Several recent studies looked at depression, and its complications and treatments, among patients with diabetes.
The first study, published in the November European Journal of Endocrinology, compared deaths from alcohol, accidents, and suicide among Finnish people with and without diabetes. The analysis included 208,148 people who had filled a prescription for insulin or an oral antidiabetic drug, matched with 226,481 people without diabetes by sex, age, and geographic area. Over a mean follow-up of 7.1 years, the patients with diabetes had increased mortality from all three causes, with the difference being greatest in those treated with insulin. The association between insulin use and mortality was most consistent in men, “but in cases of alcohol-related death female diabetic patients showed excess mortality regardless of treatment modality,” the study authors noted. The results highlight the importance of psychosocial interventions for at-risk patients, they concluded.
Another study looked at one such intervention: peer support. The trial, published by Diabetes Care on Oct. 29, included 424 patients with diabetes wanting help with self-management, mostly African-American and living in low-income rural areas. They were randomized to either usual care or a year of peer support. At baseline, about half reported mild depressive symptoms and a quarter reported moderate depressive symptoms. Patients with depressive symptoms who received peer support had a lower rate of hospitalization or acute care use (incident rate ratios for patients with mild depressive symptoms, 0.26 and 0.55, respectively) than those getting usual care. In patients without depressive symptoms, peer support was not associated with any reduction in health care utilization. The study authors concluded that peer support may be an effective strategy to improve health outcomes and patient experience in patients with depressive symptoms while managing costs.
A third study, published by BMJ Open Diabetes Research and Care on Oct. 8, looked at the effectiveness of a plant-based diet for promoting well-being in patients with type 2 diabetes. The systematic review included 11 studies with a total of 433 patients and found that “plant-based diets were associated with significant improvement in emotional well-being, physical well-being, depression, quality of life, general health, HbA1c levels, weight, total cholesterol and low-density lipoprotein cholesterol” compared to other diets, including some officially recommended ones. Three of the included studies reported on psychosocial and quality-of-life outcomes, the authors noted. Limitations include that patients' adherence to prescribed diets was unknown, the included studies had small sample sizes, and two of them were not randomized. The authors called for future research to examine the association between diet and psychological health and to determine how to support patients in following healthy dietary patterns.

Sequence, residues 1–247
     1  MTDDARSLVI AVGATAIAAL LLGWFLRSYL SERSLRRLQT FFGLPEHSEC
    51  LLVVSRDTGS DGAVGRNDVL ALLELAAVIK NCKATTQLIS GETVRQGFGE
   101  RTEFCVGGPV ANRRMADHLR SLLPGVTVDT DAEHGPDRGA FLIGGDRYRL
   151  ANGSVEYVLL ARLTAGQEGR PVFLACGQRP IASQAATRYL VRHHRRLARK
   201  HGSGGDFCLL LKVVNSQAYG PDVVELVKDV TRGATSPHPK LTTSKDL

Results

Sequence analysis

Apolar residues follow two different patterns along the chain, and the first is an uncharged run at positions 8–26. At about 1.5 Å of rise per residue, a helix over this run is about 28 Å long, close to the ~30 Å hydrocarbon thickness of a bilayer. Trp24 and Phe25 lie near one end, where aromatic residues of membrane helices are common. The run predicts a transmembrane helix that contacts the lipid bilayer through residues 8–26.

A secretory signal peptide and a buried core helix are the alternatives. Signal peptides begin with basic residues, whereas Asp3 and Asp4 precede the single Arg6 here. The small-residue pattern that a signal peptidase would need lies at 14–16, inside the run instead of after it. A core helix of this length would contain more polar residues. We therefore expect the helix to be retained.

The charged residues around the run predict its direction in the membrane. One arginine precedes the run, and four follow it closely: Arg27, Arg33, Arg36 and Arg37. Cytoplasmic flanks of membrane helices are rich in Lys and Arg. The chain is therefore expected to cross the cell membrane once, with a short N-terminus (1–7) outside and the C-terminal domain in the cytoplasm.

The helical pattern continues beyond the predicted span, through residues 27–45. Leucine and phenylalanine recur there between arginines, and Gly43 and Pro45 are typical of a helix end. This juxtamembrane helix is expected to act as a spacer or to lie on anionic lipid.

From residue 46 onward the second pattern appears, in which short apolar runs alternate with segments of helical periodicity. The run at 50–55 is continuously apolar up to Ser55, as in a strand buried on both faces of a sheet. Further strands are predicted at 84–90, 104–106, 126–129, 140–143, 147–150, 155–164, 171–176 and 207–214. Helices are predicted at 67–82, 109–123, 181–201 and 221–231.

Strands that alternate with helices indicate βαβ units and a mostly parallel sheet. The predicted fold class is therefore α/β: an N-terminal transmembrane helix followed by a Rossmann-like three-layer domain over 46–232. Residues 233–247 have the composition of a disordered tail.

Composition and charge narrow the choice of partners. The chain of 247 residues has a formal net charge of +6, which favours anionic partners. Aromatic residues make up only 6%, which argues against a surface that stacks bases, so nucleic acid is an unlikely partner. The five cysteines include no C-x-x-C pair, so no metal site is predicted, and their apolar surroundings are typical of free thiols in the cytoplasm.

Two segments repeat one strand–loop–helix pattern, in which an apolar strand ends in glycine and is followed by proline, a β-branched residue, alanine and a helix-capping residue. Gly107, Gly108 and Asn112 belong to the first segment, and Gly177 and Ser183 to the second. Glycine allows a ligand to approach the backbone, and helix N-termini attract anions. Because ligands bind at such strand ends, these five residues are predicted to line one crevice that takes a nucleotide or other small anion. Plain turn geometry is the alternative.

Finally, an article published by the Journal of General Internal Medicine on Oct. 22 discussed the importance of addressing depression and diabetes distress in patients with type 2 diabetes. (Diabetes distress results from the emotional burden of managing diabetes and is distinct from depression, but the conditions can co-occur.) Noting that barriers make screening for depression and diabetes distress challenging, the authors reviewed existing screening recommendations and tools and offered strategies to improve screening for depression and diabetes distress. The authors also highlighted methods to improve care for patients with depression and diabetes, including collaborative care and diabetes self-management education and support.